* Note that these factors will vary based on the lender. A key benefit of the buy-to-let mortgage option is that, depending on your profile, you may be able to access a higher capital sum which you can use to finance a buy-to-let property within a prime high yielding location such as Manchester or Liverpool. Studies have proved that buy-to-let properties obtained under the respective mortgages arrangements have historically generated higher returns to owners than those obtained through cash.

4. What is my tax liability in a buy-to-let investment?

You will be subject to three main types of taxes and duties: stamp duty, capital gains tax, and income tax. As of 2016, several revisions were introduced into these categories. We’ve rounded-up the salient features of and changes within each type of tax.
  • Stamp duty
Stamp duty is incurred at the point of buying your buy-to-let property. On April 1, 2016, a surcharge of 3% was added to the standard duty structure, impacting the overall cost of your property investment. The following table provides a comparison of the standard rate vs. the new buy-to-let rate:
Value Bracket Standard Rate Buy-to-let Rate
Up to £125,000 0% 3%
The next £125,000 (the portion from £125,001 to £250,000) 2% 5%
The next £675,000 (the portion from £250,001 to £925,000) 5% 8%
The next £575,000 (the portion from £925,001 to £1.5 million) 10% 13%
The remaining amount (the portion above £1.5 million) 12% 15%
  You may wonder how this impacts you. Assume you are thinking of purchasing a property that carries a price tag of £500,000. Formerly, you would have paid stamp duty of £15K at the point of purchase, whereas now you’re compelled to pay £30K. This is illustrated below:  
Formerly Stamp Duty Payable Taxable Property Value
Property value £500,000
Up to £125,000 @ 0% £125,000 x 0% = £0
Remaining taxable value [£500,000 – £125,000] = £375,000
The next £125,000 @ 2% £125,000 x 2% = £2,500
Remaining taxable value [£375,000 – £125,000] = £250,000
The next £675,000 @ 5% £250,000 x 5% = £12,500
Total stamp duty payable £0 + £2,500 + £12,500 = £15,000
From 1 April 2016 Stamp Duty Payable Taxable Property Value
Property value £500,000
Up to £125,000 @ 3% £125,000 x 3% = £3,750
Remaining taxable value [£500,000 – £125,000] = £375,000
The next £125,000 @ 5% £125,000 x 5% = £6,250
Remaining taxable value [£375,000 – £125,000] = £250,000
The next £675,000 @ 8% £250,000 x 8% = £20,000
Total stamp duty payable £3,750 + £6,250 + £20,000 = £30,000
  • Capital gains taxes
Capital gains tax is incurred at the point of selling your buy-to-let property at a profit. The profit element is the difference between the original purchase price of the buy-to-let property and the amount at which it is sold (which is most probably higher — see historical house price movements above). Depending on your income tax band, this will be either 18% or 28%.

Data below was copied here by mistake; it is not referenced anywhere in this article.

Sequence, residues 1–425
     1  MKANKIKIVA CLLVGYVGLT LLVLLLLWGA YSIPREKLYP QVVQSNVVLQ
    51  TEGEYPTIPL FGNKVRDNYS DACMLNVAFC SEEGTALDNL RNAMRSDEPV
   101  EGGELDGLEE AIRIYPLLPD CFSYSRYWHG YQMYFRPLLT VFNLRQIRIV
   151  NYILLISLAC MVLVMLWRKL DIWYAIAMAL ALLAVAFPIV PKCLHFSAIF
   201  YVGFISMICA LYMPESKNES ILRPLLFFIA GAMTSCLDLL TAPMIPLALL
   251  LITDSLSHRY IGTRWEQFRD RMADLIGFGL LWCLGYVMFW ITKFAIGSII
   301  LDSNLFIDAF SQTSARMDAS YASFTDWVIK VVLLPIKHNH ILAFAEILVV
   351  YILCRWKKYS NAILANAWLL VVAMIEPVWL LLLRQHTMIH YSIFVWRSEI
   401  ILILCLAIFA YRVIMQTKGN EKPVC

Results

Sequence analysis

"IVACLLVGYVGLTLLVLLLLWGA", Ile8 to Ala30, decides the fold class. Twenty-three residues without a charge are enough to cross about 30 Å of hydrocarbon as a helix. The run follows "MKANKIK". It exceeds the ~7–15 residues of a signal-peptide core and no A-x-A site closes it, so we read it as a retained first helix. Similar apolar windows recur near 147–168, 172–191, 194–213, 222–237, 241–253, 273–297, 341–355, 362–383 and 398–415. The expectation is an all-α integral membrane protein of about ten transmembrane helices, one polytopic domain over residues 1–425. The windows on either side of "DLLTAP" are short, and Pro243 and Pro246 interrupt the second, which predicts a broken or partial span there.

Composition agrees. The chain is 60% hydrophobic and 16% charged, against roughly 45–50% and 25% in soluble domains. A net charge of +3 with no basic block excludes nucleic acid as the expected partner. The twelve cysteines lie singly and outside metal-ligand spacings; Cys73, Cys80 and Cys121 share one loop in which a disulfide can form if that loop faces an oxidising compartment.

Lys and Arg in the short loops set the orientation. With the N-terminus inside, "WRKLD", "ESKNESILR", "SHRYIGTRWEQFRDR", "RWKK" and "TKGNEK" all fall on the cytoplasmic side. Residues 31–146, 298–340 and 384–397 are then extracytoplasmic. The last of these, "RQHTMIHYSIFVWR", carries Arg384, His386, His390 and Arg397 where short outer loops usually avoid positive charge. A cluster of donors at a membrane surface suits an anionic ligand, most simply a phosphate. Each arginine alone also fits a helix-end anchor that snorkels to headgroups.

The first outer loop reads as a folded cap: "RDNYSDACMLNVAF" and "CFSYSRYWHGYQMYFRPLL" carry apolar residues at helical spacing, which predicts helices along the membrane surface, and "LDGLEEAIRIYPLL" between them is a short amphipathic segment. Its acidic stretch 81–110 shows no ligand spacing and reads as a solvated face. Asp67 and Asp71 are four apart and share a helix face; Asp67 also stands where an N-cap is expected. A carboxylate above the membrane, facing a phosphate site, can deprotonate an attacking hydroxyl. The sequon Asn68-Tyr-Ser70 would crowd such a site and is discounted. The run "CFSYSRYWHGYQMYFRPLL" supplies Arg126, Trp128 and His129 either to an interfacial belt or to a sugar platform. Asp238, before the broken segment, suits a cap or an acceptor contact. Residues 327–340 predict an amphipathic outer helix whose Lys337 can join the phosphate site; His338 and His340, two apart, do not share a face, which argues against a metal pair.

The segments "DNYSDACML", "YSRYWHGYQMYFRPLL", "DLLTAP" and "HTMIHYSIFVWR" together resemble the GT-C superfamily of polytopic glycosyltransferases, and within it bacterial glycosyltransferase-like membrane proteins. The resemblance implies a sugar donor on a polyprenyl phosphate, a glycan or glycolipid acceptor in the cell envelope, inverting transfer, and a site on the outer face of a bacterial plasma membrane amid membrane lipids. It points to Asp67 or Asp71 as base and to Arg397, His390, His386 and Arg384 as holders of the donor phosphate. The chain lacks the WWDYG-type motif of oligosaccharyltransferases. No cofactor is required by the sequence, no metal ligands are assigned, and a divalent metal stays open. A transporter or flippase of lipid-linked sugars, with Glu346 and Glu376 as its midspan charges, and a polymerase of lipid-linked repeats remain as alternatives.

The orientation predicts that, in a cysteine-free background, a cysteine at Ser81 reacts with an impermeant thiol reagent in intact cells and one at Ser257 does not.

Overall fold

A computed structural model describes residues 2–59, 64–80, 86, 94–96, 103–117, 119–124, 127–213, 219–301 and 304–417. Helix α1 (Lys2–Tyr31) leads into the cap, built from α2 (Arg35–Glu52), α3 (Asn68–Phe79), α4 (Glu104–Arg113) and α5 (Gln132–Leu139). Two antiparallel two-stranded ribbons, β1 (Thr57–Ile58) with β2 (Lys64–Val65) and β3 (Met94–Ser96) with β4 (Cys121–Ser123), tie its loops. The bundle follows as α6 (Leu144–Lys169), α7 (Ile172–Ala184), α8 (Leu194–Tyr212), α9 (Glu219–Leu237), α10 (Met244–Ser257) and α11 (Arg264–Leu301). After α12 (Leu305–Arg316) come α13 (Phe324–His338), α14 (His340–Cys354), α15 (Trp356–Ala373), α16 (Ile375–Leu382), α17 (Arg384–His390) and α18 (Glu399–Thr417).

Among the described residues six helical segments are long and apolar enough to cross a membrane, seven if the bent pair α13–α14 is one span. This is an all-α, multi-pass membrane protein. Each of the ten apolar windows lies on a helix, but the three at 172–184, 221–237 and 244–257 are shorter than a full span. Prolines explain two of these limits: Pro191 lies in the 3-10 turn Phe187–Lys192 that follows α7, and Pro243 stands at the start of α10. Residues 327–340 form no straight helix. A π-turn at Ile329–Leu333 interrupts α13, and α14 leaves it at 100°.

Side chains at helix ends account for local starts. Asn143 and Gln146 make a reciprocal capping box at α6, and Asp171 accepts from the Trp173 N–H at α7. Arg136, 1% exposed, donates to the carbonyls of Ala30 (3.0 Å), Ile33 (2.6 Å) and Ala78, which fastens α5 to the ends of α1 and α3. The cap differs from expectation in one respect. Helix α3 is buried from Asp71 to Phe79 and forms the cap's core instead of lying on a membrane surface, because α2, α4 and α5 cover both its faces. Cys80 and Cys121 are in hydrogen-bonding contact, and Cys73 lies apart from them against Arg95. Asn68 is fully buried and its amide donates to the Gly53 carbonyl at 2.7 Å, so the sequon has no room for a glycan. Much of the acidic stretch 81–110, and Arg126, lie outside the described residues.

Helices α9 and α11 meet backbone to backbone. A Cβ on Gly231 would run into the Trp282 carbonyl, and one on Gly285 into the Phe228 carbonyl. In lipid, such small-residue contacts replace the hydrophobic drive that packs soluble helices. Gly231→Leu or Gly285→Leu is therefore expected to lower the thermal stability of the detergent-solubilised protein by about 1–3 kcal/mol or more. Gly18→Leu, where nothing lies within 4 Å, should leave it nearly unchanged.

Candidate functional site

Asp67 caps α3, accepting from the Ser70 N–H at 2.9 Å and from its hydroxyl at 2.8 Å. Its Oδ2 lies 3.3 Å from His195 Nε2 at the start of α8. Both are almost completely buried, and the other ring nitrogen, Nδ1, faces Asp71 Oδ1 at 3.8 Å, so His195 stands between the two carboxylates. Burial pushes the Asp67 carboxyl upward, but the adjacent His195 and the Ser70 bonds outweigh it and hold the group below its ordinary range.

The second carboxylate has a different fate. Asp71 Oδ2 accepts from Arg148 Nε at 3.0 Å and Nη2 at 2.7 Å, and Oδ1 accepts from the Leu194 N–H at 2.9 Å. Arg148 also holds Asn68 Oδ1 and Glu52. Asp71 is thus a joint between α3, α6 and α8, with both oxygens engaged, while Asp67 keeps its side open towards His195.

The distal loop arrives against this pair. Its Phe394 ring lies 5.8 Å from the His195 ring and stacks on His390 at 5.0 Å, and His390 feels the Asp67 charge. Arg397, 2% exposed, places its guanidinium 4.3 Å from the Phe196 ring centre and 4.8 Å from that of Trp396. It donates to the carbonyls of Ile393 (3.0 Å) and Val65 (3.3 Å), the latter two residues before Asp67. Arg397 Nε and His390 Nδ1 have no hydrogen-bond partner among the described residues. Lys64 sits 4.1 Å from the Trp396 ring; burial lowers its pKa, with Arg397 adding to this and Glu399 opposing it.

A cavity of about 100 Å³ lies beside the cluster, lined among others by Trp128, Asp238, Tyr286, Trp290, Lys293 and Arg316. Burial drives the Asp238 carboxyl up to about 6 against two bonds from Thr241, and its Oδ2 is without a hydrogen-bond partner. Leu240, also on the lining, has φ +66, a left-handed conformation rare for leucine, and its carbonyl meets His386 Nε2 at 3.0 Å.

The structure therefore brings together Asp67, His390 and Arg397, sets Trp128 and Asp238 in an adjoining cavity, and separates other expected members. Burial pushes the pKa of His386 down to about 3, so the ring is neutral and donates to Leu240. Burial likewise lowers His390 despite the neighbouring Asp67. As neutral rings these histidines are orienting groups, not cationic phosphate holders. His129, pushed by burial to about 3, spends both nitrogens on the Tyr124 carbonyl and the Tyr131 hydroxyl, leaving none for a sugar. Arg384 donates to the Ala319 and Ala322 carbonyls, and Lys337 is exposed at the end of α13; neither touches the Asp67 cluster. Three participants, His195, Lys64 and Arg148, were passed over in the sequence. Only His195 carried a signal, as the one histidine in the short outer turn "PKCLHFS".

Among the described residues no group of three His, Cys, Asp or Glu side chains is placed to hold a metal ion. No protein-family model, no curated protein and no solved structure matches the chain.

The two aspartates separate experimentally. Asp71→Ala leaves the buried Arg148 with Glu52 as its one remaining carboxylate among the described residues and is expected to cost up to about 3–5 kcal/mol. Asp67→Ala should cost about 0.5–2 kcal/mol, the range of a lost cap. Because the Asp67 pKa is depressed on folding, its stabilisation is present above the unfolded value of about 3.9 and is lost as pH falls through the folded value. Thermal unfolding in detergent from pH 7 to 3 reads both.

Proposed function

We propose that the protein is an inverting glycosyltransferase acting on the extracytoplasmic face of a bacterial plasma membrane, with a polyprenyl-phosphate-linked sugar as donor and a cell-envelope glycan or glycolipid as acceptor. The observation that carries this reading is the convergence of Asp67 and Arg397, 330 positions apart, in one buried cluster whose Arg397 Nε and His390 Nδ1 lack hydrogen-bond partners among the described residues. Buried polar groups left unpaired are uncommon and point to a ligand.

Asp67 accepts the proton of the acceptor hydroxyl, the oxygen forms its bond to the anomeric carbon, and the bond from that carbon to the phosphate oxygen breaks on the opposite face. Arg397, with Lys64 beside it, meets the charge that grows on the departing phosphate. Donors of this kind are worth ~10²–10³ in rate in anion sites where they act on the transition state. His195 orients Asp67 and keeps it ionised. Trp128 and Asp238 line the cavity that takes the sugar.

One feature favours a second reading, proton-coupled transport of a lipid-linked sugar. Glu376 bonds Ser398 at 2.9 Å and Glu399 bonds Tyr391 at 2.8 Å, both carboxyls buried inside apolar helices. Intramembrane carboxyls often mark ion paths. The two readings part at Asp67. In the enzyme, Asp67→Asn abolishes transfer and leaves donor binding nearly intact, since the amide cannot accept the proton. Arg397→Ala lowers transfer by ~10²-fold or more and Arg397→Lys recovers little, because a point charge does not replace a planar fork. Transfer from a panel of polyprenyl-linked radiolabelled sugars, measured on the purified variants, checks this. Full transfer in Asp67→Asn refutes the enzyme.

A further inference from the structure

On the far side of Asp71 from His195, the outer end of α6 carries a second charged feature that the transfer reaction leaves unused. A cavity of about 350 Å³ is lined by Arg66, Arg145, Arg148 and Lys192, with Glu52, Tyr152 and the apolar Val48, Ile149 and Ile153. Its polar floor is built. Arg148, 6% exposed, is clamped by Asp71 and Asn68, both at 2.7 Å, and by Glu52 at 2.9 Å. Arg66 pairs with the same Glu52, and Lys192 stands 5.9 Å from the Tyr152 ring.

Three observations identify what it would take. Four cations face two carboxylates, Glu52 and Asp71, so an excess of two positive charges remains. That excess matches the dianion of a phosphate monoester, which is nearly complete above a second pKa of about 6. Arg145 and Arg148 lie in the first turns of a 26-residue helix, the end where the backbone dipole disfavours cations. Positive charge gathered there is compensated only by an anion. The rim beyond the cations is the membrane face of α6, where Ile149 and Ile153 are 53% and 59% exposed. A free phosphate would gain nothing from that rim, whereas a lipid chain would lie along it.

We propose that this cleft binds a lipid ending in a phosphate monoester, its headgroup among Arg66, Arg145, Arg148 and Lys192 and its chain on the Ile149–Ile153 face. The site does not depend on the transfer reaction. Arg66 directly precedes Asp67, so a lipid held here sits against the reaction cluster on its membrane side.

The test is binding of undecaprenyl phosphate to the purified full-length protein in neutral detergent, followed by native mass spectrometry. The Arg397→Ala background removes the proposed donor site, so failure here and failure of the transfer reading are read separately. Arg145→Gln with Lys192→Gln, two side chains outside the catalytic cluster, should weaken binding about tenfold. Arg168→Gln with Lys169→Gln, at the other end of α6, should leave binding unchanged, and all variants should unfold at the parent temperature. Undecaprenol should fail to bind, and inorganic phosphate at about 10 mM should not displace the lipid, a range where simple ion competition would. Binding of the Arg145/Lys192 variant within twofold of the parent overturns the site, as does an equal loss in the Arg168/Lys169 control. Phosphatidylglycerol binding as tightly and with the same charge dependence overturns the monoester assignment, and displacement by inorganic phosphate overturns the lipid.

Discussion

• Income tax on rental income
Income tax is incurred on all rental income received based on your tax band, after tax-deductible expenses. It should be noted that since 1 April 2016, you’re disallowed to claim a 10% allowance on ‘wear and tear’ costs against your tax bill. This was previously allowed, without necessarily incurring any costs. Fortunately, you’re still able to claim actual costs incurred on damage or repairs. In fact, now you can claim the entire cost of such activities as opposed to the earlier 10% limit. We view this as an advantageous development that encourages committing to requisite and progressive capital expenditure. Furthermore, it should be noted that the maximum tax relief will be gradually phased down to a flat rate of 20% from the existing 40-45% from 1 April 2017 onwards over a four-year period, further clamping down on landlords’ profits.

5. So, what’s the verdict on buy-to-let property investments? Good? Bad?

As with any class of assets market, the buy-to-let property market is also characterised by inherent risks and rewards. No doubt, the new fiscal restrictions have certainly clamped down on the industry’s net earnings potential for investors. As a result, there have even been numerous divestments in buy-to-let properties in the market. However, we at Holborn Assets see this as an opportunity for a fresh start for the resolute UK expat investor. We see these new developments as more than just a mere pitfall. These conditions have in fact raised the need for more structured, lateral and long-term thinking and strategic planning in regards to wealth creation, much as if you were managing your own small business. We are of the view that potential landlords will most definitely be compelled to assess their long-term earnings strategies and invest in or reposition their buy-to-let properties to suit optimum demand criteria. We recommend consulting vetted financial advisors for effective mortgage advice, tax planning, positioning and cash flow planning guidance in order to thrive within this increasingly competitive marketplace. Holborn Assets’ team of qualified financial consultants are the best in the industry for buy-to-let investment and mortgage advice. Contact us today for an appointment.